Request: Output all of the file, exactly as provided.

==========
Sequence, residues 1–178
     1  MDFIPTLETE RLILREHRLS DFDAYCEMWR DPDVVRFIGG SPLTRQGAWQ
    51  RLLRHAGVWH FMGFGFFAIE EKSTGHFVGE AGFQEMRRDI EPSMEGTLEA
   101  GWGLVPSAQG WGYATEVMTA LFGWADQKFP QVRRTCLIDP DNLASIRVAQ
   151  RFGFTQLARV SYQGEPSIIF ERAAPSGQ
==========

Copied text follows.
Sequence, residues 1–178
     1  MDFIPTLETE RLILREHRLS DFDAYCEMWR DPDVVRFIGG SPLTRQGAWQ
    51  RLLRHAGVWH FMGFGFFAIE EKSTGHFVGE AGFQEMRRDI EPSMEGTLEA
   101  GWGLVPSAQG WGYATEVMTA LFGWADQKFP QVRRTCLIDP DNLASIRVAQ
   151  RFGFTQLARV SYQGEPSIIF ERAAPSGQ